In the past, I have inveighed against the phrase computer-aided instruction. One can criticize it from many angles. Right now, I only want to mention it as a symptom of a way of thinking. The fact that this phrase has been so easily accepted by the world of specialists in computers in education shows that the emphasis in their minds is on the computer as an instructional device. This is one side of education, but the smallest and least important one. If we devote the computer only to that side, we will be wasting it. It can do much more.
The issues about how to use the computer in education reflect deeper issues of educational theory and philosophy. Long before computers, educators were split on the question of education as learning facts and skills versus education as personal development. The computer sharpens these existing cleavages in educational theory. Yet even these debates are reflections of still larger issues, issues of social theory and social philosophy. What kind of people, what kind of citizens, do we want? Do we want empowered individuals who will feel the power to make their own decisions and to shape their lives? Or do we prefer citizens who will accept the discipline of following the instructions and the programs that are set up for them by others?
By scientism, I mean the attitude that sees all questions as scientific ones, as resolvable by scientific studies. This point of view evaluates educational methods by measuring their effect on test scores. Scientism makes the study of education appear easy: We will do little experiments to see whether this or that approach is better, experiments that isolate just one factor and keep everything else the same. Many people are enamored of these tiny experiments because they are statistically rigorous and seem to provide the kind of hard data one finds in physics. But that approach isn’t feasible if you are thinking about radical change in education.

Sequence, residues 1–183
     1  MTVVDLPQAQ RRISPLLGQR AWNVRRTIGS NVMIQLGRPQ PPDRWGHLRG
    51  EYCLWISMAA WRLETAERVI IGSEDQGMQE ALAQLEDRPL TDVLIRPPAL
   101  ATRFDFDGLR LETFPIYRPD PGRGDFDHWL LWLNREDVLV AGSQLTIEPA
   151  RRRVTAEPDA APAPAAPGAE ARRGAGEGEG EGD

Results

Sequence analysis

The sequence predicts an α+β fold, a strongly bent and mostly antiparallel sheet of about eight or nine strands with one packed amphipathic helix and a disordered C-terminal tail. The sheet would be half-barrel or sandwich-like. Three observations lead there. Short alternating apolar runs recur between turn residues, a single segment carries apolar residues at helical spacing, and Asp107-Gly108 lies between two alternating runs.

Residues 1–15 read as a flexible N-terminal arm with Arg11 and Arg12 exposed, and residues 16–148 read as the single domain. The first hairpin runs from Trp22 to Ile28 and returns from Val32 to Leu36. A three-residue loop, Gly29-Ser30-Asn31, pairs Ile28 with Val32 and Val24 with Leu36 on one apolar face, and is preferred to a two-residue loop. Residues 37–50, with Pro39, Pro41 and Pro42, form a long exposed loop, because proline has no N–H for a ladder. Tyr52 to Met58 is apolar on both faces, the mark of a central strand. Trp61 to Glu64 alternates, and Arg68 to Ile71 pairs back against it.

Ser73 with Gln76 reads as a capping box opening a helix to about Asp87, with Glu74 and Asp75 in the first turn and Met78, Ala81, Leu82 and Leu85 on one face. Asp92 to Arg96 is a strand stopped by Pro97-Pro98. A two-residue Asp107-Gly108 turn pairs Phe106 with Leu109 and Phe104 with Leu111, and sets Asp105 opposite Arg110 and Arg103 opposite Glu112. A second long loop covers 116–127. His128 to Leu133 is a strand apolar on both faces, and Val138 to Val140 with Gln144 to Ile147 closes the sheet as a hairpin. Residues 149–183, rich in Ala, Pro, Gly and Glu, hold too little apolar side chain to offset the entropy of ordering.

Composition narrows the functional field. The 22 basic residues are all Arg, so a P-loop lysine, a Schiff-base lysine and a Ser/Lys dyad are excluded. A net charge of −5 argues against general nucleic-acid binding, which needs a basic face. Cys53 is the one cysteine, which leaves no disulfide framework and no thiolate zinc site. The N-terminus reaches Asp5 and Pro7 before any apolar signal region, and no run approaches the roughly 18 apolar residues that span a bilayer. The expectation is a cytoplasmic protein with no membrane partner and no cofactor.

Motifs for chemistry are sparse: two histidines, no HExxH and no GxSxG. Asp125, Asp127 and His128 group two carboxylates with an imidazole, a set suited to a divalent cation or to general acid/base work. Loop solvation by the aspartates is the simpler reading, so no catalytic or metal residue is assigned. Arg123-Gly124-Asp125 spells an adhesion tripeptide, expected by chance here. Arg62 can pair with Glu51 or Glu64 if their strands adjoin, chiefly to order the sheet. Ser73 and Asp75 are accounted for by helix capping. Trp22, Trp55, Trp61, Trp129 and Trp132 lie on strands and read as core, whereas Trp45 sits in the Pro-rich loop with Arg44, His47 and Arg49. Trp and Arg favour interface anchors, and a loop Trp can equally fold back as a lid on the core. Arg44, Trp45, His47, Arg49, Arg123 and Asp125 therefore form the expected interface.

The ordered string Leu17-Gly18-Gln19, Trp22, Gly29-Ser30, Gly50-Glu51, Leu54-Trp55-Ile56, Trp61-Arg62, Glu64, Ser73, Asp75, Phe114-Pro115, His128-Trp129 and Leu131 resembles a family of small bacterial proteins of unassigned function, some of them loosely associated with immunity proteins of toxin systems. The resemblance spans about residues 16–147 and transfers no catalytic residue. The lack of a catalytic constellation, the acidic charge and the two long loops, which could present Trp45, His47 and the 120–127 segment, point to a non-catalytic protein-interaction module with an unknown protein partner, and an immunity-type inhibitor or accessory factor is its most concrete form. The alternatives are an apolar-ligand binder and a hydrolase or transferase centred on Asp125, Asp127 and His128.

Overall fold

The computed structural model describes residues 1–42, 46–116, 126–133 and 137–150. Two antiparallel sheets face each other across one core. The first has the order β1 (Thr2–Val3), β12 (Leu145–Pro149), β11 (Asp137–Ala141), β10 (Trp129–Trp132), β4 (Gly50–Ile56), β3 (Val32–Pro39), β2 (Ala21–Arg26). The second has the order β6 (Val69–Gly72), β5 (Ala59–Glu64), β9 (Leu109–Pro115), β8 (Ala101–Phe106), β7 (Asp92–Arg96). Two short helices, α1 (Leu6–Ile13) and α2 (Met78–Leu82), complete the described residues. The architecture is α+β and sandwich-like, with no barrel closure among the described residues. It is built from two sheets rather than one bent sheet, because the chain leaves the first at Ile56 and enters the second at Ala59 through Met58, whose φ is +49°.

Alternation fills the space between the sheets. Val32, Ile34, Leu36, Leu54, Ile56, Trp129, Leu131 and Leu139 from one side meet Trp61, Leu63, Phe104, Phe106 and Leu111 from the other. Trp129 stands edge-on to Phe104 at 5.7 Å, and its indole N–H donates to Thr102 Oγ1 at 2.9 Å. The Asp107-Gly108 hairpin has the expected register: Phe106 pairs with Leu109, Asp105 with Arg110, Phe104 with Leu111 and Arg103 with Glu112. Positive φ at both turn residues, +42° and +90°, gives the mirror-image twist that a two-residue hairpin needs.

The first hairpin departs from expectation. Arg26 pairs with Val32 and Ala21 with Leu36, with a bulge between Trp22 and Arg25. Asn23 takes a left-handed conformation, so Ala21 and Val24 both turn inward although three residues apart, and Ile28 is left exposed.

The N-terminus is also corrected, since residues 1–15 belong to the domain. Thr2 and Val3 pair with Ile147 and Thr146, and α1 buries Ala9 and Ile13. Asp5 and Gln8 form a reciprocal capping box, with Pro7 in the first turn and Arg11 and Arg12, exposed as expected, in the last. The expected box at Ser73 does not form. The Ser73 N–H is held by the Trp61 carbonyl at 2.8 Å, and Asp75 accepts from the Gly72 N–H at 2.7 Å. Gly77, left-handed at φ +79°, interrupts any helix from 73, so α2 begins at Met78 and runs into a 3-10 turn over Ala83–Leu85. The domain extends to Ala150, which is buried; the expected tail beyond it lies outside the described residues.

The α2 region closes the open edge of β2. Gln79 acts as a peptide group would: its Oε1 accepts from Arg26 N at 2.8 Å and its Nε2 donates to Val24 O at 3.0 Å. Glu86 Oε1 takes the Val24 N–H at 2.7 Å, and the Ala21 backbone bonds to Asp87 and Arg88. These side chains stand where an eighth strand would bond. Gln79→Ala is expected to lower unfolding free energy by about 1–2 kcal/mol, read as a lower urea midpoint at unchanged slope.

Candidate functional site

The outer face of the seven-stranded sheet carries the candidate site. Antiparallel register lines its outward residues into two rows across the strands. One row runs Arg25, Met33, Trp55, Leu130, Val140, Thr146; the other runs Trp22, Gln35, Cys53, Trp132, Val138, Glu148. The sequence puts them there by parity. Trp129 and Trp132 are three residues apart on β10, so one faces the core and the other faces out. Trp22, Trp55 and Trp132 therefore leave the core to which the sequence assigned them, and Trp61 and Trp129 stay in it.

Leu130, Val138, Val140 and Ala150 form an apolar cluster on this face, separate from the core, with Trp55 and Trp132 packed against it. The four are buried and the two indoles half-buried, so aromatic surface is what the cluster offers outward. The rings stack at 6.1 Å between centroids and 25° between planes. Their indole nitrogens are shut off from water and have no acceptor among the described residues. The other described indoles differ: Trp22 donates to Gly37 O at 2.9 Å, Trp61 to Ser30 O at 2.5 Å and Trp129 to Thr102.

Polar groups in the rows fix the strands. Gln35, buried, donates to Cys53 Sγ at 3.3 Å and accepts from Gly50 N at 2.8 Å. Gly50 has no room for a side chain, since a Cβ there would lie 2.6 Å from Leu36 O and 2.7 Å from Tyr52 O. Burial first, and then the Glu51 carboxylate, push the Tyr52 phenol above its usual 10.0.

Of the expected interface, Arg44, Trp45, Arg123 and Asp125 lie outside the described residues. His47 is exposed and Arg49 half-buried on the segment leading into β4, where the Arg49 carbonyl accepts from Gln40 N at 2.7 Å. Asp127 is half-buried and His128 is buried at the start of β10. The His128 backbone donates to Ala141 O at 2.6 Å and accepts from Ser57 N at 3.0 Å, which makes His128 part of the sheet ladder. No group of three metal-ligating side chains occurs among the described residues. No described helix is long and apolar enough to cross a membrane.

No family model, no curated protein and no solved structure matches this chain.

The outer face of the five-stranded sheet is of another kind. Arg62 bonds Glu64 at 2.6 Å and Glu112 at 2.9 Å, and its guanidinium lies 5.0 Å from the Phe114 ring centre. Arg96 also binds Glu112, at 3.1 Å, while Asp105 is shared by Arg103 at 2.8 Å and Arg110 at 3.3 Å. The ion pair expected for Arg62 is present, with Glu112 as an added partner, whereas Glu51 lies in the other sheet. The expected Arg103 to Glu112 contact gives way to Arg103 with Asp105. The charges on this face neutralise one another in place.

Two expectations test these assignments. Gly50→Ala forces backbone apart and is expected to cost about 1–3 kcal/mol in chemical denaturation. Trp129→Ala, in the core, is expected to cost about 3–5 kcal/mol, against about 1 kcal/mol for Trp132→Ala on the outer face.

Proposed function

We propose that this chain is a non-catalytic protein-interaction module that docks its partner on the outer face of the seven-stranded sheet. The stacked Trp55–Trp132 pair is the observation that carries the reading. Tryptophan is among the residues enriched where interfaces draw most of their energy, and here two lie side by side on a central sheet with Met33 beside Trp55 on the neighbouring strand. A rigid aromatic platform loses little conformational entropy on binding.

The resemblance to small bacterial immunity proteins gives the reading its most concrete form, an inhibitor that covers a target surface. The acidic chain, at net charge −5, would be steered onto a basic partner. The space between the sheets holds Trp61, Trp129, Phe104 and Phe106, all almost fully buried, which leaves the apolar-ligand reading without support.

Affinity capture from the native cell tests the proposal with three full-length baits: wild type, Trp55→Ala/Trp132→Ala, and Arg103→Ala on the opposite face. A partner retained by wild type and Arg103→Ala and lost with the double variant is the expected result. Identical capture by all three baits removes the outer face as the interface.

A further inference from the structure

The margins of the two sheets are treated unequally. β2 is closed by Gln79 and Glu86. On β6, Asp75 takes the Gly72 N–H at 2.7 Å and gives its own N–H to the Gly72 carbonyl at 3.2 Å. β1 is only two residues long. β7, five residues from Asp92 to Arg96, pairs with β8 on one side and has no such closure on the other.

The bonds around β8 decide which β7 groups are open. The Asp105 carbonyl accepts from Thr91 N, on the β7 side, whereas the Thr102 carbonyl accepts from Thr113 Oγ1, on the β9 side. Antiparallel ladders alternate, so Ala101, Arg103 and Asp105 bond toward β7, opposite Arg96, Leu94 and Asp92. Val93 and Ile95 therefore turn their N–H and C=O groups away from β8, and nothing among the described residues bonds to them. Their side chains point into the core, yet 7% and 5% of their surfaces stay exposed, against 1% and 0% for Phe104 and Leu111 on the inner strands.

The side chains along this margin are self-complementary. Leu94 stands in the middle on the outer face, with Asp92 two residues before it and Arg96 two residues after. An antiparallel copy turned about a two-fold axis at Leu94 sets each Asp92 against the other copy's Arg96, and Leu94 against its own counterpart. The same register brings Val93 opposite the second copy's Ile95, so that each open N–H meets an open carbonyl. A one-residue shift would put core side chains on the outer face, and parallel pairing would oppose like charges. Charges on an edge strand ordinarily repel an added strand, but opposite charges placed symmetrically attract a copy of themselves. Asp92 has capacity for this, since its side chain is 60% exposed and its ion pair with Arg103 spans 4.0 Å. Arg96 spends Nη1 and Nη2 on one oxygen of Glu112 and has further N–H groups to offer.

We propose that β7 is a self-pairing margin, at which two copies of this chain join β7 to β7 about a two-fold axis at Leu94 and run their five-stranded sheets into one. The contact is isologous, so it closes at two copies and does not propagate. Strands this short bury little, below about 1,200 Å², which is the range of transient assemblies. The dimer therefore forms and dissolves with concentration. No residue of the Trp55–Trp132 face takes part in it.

These kinds of studies do help to answer certain kinds of questions. If you are thinking about a small change — Is it better to paint the walls of the classroom green or white? — you can do a little experiment. You can leave everything else the same and just change the color of the wall and see what happens. Even if you are asking whether it is better to reward success or punish failure, you can do a little experiment.
But we cannot decide by such measurements whether we want an open society or a totalitarian one. You cannot do a scientific experiment to decide whether you would like empowered citizens or instructed, disciplined automata. This is not a matter of science; it is something much deeper than that.
I borrow the word educology from Jonas Salk, a great American thinker and the inventor of the Salk polio vaccine, who has recently devoted his energies to thinking about a new phase, as he calls it, in human evolution. This evolution concerns individual creativity — the individual taking control of the creative evolutionary process.
The word educology reminds us that we need a theory of education. One might say theories already exist. There is educational psychology; there is a theory of instruction; there are courses on the theory of how to administrate schools. But these are not theories of education as a whole. They are theories of small aspects of what happens in the educational process. By focusing on these small aspects, these trees and shrubs, we have gotten lost in the jungle.
My diatribe against technocentrism and scientism points to one reason we need this new discipline of educology. We need a methodology different from those of other sciences such as educational psychology. To clarify this need, I will take an example from my own work. People have asked, “What is the effect of Logo on learning mathematics — or on planning skills or whatever?” Some experimenters have come up with very positive answers, some with negative ones. But they are barking up the wrong tree. They are following the methodology of studying the effect of something by varying one thing while keeping everything else constant.